Foreign AffairsJapan RelationsMilitaryPRC RelationsUS RelationsKetagalan Media: 2020 Taiwan Outlook: A Stronger Taiwan in President Tsai’s Second Term

President Tsai Ing-wen (蔡英文) won re-election on January 11, 2020, with domestic and foreign expectations for Taiwan to be stronger in the interests of its people. A stronger Taiwan also enables it to contribute as an important economic and security partner of the United States and other democracies. Contrary to conventional wisdom that her second inauguration on May 20 will bring changes to personnel, it behooves Tsai to decide on Taiwan’s national security leadership much...
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President Tsai Ing-wen (蔡英文) won re-election on January 11, 2020, with domestic and foreign expectations for Taiwan to be stronger in the interests of its people. A stronger Taiwan also enables it to contribute as an important economic and security partner of the United States and other democracies. Contrary to conventional wisdom that her second inauguration on May 20 will bring changes to personnel, it behooves Tsai to decide on Taiwan’s national security leadership much sooner. This imperative to have these key officials in place ahead of her second term has been urgent even before the crash of a helicopter on January 2 that took the life of the Chief of General Staff. What are expectations of Taiwan?

Leadership for National Security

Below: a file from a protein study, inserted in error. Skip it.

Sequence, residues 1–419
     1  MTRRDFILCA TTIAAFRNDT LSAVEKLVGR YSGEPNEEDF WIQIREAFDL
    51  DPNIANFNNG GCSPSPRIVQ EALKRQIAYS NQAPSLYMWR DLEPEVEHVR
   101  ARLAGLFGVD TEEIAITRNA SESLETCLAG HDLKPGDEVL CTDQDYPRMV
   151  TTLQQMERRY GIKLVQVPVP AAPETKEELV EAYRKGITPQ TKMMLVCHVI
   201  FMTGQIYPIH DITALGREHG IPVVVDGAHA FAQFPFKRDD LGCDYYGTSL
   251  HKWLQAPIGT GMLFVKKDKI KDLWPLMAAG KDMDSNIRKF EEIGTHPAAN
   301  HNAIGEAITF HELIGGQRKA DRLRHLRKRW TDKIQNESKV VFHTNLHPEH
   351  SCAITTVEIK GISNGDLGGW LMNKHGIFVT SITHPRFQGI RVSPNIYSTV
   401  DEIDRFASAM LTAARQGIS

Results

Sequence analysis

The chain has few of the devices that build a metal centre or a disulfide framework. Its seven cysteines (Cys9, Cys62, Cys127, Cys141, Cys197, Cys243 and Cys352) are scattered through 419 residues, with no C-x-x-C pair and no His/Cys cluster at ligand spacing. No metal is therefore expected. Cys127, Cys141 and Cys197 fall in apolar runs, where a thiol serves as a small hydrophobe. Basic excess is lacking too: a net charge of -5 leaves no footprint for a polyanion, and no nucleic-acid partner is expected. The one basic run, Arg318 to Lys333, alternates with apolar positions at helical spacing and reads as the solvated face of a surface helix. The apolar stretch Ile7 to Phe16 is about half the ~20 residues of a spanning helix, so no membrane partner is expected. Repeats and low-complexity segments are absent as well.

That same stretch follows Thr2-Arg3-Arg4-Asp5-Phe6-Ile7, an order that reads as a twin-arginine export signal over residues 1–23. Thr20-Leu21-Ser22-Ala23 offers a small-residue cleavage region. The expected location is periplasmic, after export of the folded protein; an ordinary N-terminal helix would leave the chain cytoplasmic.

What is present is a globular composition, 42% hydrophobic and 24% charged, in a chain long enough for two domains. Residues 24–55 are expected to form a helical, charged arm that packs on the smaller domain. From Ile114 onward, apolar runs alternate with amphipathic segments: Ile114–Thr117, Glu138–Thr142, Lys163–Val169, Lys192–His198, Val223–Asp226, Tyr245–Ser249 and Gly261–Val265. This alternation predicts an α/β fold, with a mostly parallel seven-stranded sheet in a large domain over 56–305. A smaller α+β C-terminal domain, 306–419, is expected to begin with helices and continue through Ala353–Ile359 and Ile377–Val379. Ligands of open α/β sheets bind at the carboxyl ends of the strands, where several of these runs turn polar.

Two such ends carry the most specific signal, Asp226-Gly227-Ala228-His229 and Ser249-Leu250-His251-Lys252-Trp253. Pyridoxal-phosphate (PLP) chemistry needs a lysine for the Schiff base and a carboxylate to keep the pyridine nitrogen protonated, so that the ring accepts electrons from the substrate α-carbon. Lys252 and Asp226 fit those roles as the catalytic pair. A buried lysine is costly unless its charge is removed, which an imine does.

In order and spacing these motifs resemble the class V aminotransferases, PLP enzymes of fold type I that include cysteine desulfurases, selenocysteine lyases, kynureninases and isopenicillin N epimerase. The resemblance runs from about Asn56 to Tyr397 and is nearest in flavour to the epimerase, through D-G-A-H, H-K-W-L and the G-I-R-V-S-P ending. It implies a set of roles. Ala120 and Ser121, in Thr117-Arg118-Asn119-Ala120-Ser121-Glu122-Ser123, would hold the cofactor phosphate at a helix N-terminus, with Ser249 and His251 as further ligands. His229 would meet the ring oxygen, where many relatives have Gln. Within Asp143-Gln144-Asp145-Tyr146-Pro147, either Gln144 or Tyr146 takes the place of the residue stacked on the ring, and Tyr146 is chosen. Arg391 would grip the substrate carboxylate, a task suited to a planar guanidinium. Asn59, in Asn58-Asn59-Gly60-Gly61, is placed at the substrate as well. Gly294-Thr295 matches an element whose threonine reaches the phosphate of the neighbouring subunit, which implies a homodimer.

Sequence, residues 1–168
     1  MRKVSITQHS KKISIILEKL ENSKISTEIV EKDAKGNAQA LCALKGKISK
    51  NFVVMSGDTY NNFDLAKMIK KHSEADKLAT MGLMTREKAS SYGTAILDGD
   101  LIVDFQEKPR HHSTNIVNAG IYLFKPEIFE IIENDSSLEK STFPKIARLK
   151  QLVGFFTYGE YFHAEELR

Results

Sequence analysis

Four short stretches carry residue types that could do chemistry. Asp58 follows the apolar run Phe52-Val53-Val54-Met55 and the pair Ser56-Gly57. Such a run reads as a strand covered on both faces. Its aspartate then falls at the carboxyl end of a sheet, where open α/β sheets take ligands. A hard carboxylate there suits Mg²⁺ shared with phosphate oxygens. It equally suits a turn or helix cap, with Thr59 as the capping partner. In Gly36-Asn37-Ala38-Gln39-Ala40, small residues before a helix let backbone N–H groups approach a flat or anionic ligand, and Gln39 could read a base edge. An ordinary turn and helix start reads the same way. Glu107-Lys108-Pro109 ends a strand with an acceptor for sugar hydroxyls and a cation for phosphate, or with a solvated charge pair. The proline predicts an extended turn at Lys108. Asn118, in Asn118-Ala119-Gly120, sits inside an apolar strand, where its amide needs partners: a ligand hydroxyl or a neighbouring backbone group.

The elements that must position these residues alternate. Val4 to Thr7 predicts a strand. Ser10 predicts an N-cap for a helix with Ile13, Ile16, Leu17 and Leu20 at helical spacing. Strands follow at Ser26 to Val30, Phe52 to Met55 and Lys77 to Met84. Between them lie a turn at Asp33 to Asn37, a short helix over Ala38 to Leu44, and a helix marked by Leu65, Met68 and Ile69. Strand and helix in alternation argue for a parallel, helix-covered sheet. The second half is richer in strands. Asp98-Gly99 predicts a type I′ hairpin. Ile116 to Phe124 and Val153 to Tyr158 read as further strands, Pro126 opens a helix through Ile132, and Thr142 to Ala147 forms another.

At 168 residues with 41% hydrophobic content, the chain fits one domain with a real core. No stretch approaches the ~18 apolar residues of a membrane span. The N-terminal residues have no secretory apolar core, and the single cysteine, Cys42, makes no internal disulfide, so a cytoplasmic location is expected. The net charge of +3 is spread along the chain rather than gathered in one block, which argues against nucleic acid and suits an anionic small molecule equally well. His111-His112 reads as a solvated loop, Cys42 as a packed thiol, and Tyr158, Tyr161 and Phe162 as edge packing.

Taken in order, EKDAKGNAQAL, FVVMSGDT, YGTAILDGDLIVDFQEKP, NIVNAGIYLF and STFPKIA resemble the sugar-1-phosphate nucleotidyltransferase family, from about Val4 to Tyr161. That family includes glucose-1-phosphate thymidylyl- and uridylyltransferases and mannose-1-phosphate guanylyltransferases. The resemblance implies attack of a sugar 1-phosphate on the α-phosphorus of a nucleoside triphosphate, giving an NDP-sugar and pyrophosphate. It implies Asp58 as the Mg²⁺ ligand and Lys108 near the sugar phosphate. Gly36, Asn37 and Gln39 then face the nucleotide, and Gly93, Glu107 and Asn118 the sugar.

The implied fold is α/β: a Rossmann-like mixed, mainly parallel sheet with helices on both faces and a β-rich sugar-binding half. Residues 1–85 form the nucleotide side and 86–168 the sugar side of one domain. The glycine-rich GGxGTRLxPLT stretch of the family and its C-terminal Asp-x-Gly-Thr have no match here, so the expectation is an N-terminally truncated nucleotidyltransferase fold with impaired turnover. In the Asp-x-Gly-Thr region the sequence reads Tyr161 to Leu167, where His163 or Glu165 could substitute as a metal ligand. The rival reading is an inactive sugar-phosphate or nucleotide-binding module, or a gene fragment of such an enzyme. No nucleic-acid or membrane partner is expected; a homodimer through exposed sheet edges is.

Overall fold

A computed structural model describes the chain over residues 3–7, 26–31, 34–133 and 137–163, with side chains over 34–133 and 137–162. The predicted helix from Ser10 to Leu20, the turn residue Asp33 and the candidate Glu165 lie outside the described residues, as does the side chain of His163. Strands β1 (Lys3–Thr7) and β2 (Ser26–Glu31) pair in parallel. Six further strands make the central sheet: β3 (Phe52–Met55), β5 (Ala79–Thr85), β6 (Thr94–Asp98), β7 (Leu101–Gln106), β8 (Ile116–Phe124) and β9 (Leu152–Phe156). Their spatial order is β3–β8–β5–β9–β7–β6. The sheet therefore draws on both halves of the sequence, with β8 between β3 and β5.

It would be advantageous if Republic of China (ROC) (Taiwan) President Tsai names key officials (incumbent or new) ahead of the official start of her second term, without waiting for her inauguration in May.

Tsai can be expected to improve strategic communication to counter China’s challenges, not waiting until her second inaugural address. Advisors have encouraged her to engage more with the media. On the same day that Tsai won re-election and the DPP maintained its majority in the legislature, she spoke to foreign media reporting on the elections and referred to the country’s formal name. Tsai conveyed the voters’ confidence in the DPP’s commitment to peace and stability in the Taiwan Strait without compromising national interests. She said, “Taiwan is showing the world how much we cherish our free, democratic way of life, and how much we cherish our nation: the Republic of China (Taiwan).”

Secretary of State Michael Pompeo congratulated Tsai and Taiwan’s people for showing the strength of their democracy. The message expressed appreciation, first, for Taiwan’s strong partnership with the United States, and second, for Tsai’s commitment to cross-Strait stability. The message did not urge Tsai to resume cross-Strait talks, implicitly recognizing that the onus is on Beijing to work with Taipei to improve ties. A year ago, the NSC explicitly expressed this viewpoint in contrast to the CCP’s political warfare and typical media narratives that blame Taiwan or Tsai, after Xi read a speech that threatened force.

In addition to leveraging the results of the elections, Taiwan’s message can draw upon the people’s overwhelming preferences. According to polling data, the MAC reported in August 2019 that 84 percent oppose the CCP’s insistence on “one country, two systems.” Moreover, the MAC reported in October that 87.4 percent choose the cross-Strait status quo (whether with a decision later, indefinite situation, independence later, or unification later), while only 6.0 percent seek independence and 1.4 percent seek unification as soon as possible.

 

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